The vow ‘Never Again’ is empty if it does not come with justice for those who suffered the heinous crimes in the 1994 genocide against the Tutsis.
Over the past days, issues to do with justice have thus been central to conversations reflecting on the genocide in which over a million people died 15 years ago.
Notable in the same conversations has been the wide acknowledgement that Rwanda’s traditional Gacaca Courts, have been more successful in dispensing justice to the local communities.
The courts are lauded for having been pivotal to the healing and reconciliation processes at community level. This acknowledgement is especially made by renowned visiting academics and researchers on transitional justice issues, from key institutions internationally.
By far their opinion of the performance of the UN mandated International Criminal Tribunal for Rwanda (ICTR) based in Arusha on a multi-billion USD budget, cannot be compared to the achievements of the Gacaca Courts.
One is therefore baffled by some judges in the United Kingdom who claim that four men accused of genocide will not have a fair trial in Rwanda.
The judges one can hasten to add have never set foot in Rwanda, putting into question the practical basis upon which this judgment has been made.
They rule that there is, “real risk they would suffer a flagrant denial of justice.”
The four Vincent Bajinya, reported to have changed his name to Brown, Celestin Ugirashebuja, Emmanuel Nteziryayo and Charles Munyaneza were arrested in London, Essex, Manchester and Bedford respectively.
These four are part of the thousands of killers who fled the Rwanda after the genocide seeking safe havens elsewhere, many found their way to Europe, Canada and the USA.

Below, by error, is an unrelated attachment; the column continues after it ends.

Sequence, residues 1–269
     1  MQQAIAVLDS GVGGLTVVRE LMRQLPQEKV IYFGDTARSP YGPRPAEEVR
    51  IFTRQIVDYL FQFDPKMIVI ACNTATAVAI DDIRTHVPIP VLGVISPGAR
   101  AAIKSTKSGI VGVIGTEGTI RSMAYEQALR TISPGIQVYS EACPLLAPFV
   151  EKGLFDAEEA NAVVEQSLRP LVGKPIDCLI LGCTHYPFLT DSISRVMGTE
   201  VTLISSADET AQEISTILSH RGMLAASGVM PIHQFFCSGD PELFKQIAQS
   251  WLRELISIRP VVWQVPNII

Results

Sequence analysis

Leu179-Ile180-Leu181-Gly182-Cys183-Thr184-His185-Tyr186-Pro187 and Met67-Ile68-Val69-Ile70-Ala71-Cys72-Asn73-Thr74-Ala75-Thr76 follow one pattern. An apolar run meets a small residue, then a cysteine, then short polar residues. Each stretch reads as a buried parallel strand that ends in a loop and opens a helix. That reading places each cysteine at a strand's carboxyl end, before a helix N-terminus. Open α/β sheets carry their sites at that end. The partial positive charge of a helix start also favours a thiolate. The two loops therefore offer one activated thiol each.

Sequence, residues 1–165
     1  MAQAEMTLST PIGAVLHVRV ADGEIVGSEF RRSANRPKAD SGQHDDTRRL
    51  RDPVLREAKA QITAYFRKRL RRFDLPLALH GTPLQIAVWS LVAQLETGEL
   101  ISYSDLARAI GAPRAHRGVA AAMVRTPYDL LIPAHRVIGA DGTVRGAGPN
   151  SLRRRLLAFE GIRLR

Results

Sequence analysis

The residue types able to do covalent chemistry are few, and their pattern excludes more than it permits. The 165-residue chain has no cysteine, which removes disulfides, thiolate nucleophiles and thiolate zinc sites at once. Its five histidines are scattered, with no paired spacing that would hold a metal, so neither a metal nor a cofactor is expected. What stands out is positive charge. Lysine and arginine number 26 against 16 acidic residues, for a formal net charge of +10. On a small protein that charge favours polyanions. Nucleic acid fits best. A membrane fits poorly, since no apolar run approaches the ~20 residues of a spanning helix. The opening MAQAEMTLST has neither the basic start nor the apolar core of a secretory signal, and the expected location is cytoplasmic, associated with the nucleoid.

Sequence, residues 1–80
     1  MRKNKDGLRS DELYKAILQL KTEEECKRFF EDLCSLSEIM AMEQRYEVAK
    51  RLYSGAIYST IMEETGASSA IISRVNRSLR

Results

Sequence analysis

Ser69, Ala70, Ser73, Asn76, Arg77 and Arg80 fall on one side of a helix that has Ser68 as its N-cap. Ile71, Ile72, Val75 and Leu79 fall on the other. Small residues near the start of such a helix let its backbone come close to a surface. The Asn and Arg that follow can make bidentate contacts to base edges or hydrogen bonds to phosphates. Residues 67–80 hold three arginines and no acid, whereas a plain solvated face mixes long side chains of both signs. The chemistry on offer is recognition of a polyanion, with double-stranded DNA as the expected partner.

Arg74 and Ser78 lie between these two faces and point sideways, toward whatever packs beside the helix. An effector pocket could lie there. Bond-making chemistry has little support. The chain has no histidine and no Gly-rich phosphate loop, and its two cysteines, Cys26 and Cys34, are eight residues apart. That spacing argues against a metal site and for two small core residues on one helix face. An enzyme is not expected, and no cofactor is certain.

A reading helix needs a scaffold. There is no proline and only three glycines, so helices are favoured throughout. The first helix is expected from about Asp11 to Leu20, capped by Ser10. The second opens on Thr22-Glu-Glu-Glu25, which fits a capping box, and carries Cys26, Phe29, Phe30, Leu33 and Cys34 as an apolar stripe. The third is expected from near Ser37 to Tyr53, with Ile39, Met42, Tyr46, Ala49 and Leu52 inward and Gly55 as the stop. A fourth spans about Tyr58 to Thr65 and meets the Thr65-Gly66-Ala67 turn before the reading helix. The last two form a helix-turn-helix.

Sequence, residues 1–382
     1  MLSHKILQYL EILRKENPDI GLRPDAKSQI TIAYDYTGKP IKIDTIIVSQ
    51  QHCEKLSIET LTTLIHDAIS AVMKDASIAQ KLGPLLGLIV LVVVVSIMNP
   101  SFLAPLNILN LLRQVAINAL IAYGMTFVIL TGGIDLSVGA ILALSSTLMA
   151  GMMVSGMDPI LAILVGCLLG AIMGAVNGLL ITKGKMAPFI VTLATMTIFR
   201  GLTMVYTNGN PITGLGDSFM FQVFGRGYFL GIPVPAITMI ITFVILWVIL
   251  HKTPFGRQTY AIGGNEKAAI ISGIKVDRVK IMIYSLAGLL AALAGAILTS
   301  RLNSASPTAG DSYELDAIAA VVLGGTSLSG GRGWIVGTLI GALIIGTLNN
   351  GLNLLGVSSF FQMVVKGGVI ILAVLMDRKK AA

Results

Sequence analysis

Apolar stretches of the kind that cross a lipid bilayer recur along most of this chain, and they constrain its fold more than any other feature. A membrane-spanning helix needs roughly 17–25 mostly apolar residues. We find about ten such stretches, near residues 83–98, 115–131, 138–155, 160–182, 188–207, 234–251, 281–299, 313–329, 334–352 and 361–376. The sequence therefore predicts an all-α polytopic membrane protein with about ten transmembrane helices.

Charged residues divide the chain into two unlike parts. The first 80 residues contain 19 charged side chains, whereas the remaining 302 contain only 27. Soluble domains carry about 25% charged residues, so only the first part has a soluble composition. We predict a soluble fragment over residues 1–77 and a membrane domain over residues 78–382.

What is so special about these four men that they will be denied justice in Rwanda when so many have under the Gacaca Courts?
What makes their crimes anymore painful than other perpetrators who have since been embraced back in society?
The judgment by Lord Justice Laws and Lord Justice Sullivan, smacks of the hypocritical tendencies among those in western countries in building negative perceptions and stereotypes of African institutions and processes.
The judgment also smacks of the revisionism agenda. There exists insidious attempts to re-write Rwanda’s history where they would want to equate those who suffered the genocide to the perpetrators, an absurdity that can never happen in the UK itself. But then Rwanda is in Africa.
Often the narrative is based on very narrow historical notions rooted in colonialism that over glorify western justice systems.
And so what we are dealing with in this ruling is a reflection of prejudices and negative perceptions inherent among the less informed on Rwanda, within the British society and sadly, they are also found in the courts.